Perhaps the greater tragedy is how marijuana has become another way to divide us by race.  If you get caught with marijuana in one of the prohibition states and you’re black, you’re four times more likely to go to prison than if you’re white.  A story recently in the New York Daily News pointed out that 9 out of 10 people arrested this year for marijuana in NY are black or Hispanic.  And the system for giving out dispensary licenses favors white entrepreneurs.  For those people who were incarcerated for non-violent marijuana crimes, their cases need to be reviewed and mitigated.  We can’t say they should all be given parole since there may be extenuating circumstances.  But let’s empty our prisons of people - again, they're predominantly black - who aren’t threats to society.  Stop the cycle that destroys minority communities and stop funding rich private prison management companies.  Stop this costly, ineffective, foolhardy war on substances that don’t fit with so-called family-first politicians

Marijuana isn’t for everyone, but the prohibition must end and we must remove it from the list of Schedule I drugs at the federal level.


You should get the idea by now that the leveling of attacks against this nebulous 50% of people across the aisle is our primary focus when it comes to changing the culture of American politics.  But we're equally dismayed by the personal nature of the attacks.  We all have made comments and done things in life that we look back on with regret.  Everyone has sent an email, text, tweet, DM, telegram, smoke signal or other form of communication that was ill-informed and driven by deep emotions instead of logic.  These days, we're seeing more personal shots being taken, with every minute detail put under the microscope so we can find any conceivable reason to knock them down a few pegs.  We need to quit that.  No one is perfect.  If someone has a view or belief that truly offends you, it's ok to block them.  

Everyone has a right to speak, but not a right to be heard.

But the scrutiny has reached an insane level.  Vetting SCOTUS nominees and Congressional candidates has come to include such minutiae that not even your greatest hero could pass.  Name a great person in history and there's a very deep flaw.  Thomas Jefferson...Martin Luther King, Jr...JFK...Abraham Lincoln...Michael Jordan...you'll find at least one thing about everyone who has achieved greatness that can and should rub you the wrong way.  This purity test - you have to be perfectly aligned on every issue and have earned straight A's in school - is impossible.  Making mistakes is how we learn what's right.  Falling down is how we learn to get back up and do better.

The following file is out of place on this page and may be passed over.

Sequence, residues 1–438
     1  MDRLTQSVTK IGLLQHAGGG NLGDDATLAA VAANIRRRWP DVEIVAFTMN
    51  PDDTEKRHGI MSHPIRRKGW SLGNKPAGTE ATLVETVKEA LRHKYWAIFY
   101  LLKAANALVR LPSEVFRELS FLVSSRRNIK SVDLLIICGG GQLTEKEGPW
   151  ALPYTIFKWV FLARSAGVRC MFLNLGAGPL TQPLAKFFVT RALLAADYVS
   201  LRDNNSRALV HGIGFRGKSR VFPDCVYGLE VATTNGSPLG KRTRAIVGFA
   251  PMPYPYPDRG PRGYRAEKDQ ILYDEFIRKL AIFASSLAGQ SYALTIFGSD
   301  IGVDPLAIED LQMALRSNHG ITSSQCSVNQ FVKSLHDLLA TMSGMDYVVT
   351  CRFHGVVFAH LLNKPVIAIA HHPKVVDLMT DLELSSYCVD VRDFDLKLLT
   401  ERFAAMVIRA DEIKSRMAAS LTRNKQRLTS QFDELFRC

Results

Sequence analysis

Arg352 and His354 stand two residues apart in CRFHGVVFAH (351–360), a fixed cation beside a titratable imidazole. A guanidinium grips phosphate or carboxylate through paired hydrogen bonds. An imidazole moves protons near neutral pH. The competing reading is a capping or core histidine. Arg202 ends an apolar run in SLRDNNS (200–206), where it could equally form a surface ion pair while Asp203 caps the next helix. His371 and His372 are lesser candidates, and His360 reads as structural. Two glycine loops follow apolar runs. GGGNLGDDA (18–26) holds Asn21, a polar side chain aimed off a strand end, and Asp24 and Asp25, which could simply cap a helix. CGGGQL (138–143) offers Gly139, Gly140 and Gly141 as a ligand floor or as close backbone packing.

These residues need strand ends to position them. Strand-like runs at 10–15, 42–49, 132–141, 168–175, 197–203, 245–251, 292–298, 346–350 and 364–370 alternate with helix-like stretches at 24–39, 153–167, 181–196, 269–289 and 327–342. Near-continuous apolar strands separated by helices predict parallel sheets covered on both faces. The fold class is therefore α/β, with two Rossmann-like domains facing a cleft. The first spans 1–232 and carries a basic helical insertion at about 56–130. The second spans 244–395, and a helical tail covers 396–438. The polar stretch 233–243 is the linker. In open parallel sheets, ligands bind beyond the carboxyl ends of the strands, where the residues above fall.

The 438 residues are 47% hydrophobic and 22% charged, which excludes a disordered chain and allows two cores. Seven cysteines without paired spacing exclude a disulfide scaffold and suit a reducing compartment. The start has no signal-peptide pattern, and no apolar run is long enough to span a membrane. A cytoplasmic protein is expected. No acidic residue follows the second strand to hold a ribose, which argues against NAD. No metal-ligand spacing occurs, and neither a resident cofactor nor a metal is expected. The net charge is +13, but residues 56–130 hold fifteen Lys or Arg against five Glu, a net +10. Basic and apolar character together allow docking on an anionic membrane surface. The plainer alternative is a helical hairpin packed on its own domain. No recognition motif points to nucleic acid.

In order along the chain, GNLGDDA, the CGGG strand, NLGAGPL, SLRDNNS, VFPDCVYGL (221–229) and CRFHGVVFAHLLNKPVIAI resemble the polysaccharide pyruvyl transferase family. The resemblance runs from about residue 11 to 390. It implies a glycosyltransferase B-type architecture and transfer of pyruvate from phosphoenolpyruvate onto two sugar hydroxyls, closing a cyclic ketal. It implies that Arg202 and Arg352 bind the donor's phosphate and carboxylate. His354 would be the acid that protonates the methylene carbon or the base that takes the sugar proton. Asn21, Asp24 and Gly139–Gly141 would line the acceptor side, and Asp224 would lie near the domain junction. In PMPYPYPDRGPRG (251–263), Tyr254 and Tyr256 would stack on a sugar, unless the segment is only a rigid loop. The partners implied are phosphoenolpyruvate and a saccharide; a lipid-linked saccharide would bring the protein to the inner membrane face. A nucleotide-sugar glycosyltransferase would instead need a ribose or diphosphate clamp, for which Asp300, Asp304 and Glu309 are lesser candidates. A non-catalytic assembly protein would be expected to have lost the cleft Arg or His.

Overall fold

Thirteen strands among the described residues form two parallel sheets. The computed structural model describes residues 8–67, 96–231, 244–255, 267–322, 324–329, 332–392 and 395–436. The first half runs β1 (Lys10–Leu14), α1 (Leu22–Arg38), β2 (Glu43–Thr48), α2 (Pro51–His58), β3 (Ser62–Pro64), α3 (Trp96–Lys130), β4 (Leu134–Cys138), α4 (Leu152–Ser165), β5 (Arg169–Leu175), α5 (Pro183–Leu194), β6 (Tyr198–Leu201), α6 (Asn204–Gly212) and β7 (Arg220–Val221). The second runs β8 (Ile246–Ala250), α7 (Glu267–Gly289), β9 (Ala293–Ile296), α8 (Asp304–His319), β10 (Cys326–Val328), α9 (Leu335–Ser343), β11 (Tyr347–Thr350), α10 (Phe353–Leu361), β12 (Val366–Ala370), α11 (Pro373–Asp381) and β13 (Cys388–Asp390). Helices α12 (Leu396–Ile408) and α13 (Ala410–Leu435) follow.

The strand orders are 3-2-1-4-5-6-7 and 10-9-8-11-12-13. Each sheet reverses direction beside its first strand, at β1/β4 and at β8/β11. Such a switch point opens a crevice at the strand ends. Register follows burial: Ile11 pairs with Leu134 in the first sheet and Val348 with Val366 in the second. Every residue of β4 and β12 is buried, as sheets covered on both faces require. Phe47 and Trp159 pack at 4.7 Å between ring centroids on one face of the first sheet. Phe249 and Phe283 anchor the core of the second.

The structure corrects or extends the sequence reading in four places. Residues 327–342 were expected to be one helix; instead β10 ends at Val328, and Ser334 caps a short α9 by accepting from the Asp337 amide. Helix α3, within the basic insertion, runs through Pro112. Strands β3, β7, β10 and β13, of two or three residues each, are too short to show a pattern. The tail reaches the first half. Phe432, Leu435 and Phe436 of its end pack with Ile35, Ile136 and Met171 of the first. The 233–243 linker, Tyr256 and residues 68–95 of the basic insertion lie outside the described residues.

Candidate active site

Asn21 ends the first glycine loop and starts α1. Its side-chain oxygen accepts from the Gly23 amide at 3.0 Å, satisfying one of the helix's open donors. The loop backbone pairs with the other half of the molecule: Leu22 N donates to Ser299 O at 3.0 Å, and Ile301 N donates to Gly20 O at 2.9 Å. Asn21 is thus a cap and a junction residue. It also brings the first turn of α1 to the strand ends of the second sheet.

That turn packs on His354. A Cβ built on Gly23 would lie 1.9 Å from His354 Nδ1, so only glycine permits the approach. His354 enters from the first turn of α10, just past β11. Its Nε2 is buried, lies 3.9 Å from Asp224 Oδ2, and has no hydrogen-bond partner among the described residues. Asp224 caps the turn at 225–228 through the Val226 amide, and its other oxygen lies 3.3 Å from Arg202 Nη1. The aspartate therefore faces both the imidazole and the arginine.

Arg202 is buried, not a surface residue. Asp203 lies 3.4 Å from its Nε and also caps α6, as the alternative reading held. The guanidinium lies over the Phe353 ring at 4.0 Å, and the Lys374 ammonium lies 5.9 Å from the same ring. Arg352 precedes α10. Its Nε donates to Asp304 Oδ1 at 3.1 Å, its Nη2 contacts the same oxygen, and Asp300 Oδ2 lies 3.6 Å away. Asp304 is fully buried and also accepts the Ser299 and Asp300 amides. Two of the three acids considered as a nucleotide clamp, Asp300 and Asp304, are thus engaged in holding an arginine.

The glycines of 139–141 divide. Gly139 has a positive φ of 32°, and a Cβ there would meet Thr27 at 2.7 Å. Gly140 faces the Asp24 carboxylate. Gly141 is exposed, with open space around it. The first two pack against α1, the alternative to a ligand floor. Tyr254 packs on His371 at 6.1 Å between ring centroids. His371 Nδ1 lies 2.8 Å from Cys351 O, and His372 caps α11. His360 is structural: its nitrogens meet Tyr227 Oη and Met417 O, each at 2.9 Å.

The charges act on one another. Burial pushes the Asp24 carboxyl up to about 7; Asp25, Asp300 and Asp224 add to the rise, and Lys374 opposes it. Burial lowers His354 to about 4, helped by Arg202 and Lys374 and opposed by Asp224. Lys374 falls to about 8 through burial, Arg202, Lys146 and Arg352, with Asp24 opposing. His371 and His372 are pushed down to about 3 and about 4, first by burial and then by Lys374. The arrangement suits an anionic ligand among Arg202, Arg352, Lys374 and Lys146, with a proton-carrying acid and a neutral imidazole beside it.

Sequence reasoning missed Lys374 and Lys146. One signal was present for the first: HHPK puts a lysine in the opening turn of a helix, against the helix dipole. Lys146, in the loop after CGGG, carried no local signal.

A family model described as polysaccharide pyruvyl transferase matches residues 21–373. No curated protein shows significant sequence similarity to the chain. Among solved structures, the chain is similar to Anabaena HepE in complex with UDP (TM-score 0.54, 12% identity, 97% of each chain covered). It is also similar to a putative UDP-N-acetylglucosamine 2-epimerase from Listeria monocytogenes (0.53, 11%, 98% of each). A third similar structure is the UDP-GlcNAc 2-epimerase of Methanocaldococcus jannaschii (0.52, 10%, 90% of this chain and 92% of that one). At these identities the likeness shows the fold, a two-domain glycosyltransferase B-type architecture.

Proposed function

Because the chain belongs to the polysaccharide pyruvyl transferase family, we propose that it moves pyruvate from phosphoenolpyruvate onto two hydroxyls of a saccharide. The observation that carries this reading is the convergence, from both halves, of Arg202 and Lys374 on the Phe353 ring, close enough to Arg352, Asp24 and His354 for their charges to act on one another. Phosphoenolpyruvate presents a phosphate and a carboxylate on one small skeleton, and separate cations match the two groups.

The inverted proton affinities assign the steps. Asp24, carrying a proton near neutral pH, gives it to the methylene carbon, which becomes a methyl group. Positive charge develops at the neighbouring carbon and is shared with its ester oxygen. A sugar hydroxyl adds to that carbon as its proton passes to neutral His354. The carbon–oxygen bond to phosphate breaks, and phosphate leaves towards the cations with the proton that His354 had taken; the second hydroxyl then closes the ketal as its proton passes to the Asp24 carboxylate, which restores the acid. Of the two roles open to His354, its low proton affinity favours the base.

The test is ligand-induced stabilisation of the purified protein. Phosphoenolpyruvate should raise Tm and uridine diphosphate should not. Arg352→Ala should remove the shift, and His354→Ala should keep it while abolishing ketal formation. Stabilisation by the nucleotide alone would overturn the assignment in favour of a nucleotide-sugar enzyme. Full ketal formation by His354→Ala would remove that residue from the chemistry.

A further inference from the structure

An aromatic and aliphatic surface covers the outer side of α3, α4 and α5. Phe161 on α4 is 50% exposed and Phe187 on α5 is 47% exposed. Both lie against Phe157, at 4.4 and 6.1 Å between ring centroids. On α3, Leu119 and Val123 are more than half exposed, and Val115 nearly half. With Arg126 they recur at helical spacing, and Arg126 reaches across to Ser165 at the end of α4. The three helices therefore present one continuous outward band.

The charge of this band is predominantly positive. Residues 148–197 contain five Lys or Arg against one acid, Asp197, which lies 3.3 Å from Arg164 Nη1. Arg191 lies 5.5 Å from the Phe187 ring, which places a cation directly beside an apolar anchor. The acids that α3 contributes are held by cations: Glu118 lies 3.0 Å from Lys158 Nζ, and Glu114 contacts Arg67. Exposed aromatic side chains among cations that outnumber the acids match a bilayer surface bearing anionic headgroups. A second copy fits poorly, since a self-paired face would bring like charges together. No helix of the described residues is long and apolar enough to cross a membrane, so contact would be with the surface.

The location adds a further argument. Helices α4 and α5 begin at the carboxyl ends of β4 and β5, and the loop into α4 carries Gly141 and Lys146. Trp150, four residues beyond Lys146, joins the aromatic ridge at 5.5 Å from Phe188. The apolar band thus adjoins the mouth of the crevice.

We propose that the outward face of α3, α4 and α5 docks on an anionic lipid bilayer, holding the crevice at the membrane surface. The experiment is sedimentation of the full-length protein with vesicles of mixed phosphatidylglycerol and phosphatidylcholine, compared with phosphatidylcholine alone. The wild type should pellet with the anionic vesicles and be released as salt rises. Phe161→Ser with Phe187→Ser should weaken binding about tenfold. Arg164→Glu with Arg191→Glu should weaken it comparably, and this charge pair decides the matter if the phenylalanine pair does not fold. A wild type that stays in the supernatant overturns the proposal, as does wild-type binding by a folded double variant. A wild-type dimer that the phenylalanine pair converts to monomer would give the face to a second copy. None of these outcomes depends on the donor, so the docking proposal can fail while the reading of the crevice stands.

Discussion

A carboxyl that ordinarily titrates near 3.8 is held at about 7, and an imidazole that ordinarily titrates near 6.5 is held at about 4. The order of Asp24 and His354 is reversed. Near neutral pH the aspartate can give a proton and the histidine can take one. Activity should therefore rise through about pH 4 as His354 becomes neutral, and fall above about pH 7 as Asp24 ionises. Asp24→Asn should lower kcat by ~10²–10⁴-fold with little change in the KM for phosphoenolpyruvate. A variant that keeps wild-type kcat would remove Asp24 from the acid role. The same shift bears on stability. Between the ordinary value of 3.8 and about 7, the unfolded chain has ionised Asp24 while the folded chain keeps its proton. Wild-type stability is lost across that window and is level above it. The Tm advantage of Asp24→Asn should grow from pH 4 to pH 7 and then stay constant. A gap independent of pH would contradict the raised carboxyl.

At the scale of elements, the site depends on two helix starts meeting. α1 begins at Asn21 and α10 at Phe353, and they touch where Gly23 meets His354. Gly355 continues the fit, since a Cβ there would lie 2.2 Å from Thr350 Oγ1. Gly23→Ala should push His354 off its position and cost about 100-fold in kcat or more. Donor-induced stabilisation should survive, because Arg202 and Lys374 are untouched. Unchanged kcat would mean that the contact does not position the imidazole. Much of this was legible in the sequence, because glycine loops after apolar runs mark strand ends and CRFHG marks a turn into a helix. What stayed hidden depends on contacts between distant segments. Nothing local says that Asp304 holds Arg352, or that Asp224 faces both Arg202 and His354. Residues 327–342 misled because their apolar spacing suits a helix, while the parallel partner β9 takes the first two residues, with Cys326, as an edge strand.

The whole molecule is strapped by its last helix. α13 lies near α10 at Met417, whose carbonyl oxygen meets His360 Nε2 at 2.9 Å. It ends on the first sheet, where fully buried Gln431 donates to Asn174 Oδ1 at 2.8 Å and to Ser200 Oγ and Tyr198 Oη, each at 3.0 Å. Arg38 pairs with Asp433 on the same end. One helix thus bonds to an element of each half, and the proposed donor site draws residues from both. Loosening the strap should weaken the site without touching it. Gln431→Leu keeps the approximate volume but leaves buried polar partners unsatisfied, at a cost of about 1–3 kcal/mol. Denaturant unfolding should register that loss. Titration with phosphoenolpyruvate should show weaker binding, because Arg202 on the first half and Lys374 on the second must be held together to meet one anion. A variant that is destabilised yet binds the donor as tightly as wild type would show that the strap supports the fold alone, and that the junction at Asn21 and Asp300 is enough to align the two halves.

And with technology making it easier than ever to forge documents, create videos, make online bots, and whatever else people want to do to support their cult...err, party...it's hard to trust anything anymore.  Few allegations and accusations can be substantiated anymore, which is pretty sad for the brave people who come forward to report real injustices, crimes and unforgivable acts.

That's not to say that we shouldn't take a very close look at the people who hold the highest positions in government, but let's measure people in their entirety.  The standard of seeing/finding/hearing/discovering a bad joke, bad hot take or bad overgeneralization, and then going berserk on social media isn't a viable solution for government, democracy or maintaining one's sanity (side note from Brad: I'm definitely not immune and have made careless comments more times than I can count).  Let's remember to stay on the issue, focus on the details relevant to the issue, and show that anger only when it's clear that someone has no clue what they're talking about, is ridiculously biased, or has an obvious conflict of interest.  Breathe.  Relax.  Look ahead, not back.

There are only two choices to make when it comes to the silly mess that we call the United States government:

   1) stay on the sidelines and melt down on Facebook about the 50% of the nation you hate; or

   2) get in the game, vote for someone and work on incremental changes that lead to solutions.

Will you be the next to run for office as part of our movement?

Send a note to the team or signup for updates and volunteer opportunities using the form below.  And don't forget to follow The FDFR Party on Twitter.

Thanks for staying engaged and active in elections - the dark winds of current politics won't last forever.